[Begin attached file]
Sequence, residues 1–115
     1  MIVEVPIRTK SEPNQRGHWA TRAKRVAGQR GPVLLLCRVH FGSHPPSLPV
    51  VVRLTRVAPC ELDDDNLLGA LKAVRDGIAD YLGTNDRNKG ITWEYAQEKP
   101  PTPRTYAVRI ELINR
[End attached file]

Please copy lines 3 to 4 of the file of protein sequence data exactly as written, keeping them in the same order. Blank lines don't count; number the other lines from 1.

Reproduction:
    51  VVRLTRVAPC ELDDDNLLGA LKAVRDGIAD YLGTNDRNKG ITWEYAQEKP
   101  PTPRTYAVRI ELINR